Natalie Olson continued her golden run into June by winning the gold medal in para-karate at the Virtus Global Games that showcases 1,000 athletes in multiple sports.

With a bag full of loot in tow, athletes returned to Canada in July from karate events around the world for the largest National Championships ever. More than 600 athletes, 797 entries from 10 provinces/territories battled for national crowns in Laval, Que. The event also marked the first time the North West Territories sent a team.

The largest team of Canadian karatekas ever assembled to fight at the Junior Pan American Championships travelled to Santiago, Chile where they combined to win six gold, four silver and six bronze medals in Kumite and Kata events. The 89-member Canadian squad finished fourth overall in the medal count during the three-day affair for the first time in Karate Canada history. The following athletes captured gold: Mariana Guerrero (Kitchener, Ont.): Aryan Kohi (Toronto); Omar Almishri (Calgary); Cadence Truong (Markham, Ont.); Megan Rochette (Gatineua, Que.); and Lily-Rose Nolet (Gatineau, Que.)

The baby Canucks continued following the Canadian trail to the podium into September at the Mexico Youth League. Mariana Guerrero and Iliana Karagianni both watched the Canadian flag be raised above the top step of the podium. Cadence Truong, Talya Rabiner and Ella Crowle all claimed silvers.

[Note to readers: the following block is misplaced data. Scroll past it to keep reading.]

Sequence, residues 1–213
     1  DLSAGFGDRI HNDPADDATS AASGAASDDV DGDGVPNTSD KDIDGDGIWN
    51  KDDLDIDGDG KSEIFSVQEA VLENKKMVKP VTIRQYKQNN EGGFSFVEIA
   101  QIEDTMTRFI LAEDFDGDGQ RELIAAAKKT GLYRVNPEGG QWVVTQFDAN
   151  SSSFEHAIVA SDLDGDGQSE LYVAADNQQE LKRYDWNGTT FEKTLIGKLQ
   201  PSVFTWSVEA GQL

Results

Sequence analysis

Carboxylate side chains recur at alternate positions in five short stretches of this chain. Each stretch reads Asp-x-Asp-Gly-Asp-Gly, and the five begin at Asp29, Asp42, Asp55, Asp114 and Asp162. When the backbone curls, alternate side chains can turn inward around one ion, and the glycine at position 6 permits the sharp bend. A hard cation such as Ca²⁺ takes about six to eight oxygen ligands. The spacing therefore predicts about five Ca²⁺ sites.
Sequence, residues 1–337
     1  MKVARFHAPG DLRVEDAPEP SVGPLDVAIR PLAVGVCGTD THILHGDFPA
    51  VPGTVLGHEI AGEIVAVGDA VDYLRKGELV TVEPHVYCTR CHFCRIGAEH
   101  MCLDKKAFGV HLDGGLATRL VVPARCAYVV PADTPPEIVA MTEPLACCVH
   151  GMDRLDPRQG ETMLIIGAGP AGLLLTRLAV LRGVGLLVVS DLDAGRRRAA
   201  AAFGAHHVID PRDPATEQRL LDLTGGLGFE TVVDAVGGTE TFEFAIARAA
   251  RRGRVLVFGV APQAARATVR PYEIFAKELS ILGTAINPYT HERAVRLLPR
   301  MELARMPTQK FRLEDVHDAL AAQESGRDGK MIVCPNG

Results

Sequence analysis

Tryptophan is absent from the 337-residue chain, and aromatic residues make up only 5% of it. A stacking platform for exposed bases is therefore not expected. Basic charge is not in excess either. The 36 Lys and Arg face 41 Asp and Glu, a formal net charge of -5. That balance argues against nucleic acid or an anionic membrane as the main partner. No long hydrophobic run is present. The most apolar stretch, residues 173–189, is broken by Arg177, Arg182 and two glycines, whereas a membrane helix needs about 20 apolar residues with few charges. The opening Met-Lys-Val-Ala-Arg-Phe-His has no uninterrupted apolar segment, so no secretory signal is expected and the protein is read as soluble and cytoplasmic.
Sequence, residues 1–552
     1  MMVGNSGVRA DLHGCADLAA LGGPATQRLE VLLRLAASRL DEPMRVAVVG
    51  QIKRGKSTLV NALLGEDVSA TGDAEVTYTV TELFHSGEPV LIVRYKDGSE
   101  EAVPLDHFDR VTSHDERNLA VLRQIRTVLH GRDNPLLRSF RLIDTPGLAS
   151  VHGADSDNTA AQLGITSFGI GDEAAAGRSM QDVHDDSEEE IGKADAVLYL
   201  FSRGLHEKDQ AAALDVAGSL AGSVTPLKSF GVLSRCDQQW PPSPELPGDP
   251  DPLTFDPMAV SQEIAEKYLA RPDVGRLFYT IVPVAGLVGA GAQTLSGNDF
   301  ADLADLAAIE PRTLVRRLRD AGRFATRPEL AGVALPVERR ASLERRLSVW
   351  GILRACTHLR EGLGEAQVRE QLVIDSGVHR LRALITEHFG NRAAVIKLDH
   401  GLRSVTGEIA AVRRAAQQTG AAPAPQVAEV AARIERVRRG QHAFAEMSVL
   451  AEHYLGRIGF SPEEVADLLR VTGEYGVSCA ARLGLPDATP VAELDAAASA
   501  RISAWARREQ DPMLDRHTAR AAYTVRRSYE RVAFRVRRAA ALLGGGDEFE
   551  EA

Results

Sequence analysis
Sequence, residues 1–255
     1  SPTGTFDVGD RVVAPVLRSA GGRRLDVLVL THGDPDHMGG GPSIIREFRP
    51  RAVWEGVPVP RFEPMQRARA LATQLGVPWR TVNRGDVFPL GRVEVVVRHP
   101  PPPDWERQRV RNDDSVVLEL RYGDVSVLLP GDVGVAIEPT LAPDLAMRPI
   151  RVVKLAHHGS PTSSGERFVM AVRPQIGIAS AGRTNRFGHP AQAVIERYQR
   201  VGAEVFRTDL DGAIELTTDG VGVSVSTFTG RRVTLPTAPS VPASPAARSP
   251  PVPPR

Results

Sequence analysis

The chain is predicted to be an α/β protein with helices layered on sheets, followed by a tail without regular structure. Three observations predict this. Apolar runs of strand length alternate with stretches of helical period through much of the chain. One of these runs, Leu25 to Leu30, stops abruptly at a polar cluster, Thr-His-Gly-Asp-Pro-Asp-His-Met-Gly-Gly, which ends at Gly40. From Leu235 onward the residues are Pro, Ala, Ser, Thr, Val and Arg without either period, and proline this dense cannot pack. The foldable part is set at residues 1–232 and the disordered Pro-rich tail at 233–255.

Natalie Olson once again stole the show into the fall, leading the way for the Canucks into the Senior World Championships in Budapest, Hungary.  The para karate athlete captured the nation’s only medal with a gutsy effort in the K22 classification.

“Natalie’s elimination round was a bit shaky which placed her second and having to battle for the bronze,” said Caoch Heather Fidyk. “She was a bit disappointed after the elimination round but then reflected, rebounded and had a fabulous kata performance in the bronze medal final. I am very proud of her achievements.”

And so too, was the entire nation.

The courageous Canadian regrouped and battled back to take home the bronze.

“I felt really good about how I performed and was so happy to win the bronze medal. Next time, I will go for the gold,” said Olson.

Olson’s medal-winning performance inspired a six-pack of Canucks who travelled from Budapest to Santiago, Chile for their debuts at the Pan American Games.

Canada sent Melissa Bratic (Mississauga, Ont.), Hana Furumoto-Deshaies (Gatineau, Que.), Yamina Lahyanssa, Lily-Rose Nolet and Ryan O’Neil (Halifax, N.S) to compete in kumite. Claudia Laos-Loo (Surrey, B.C.) was the lone kata athlete.

The Canucks celebrated a medal hat trick with two bronze and a silver.

Claudia Laos-Loo brought the Canadian karate community to its feet, winning the nation its first ever medal in the sport’s Kata discipline at the Pan Am Games, after taking bronze in a thriller.

Yamina Lahyanssa took one more step up the Pan American Games podium, winning the silver.

The 21-year-old scrapper put the nation on her back in the women’s -50kg weight class, fighting her way through the round robin and into the first senior Pan American Games final of her career.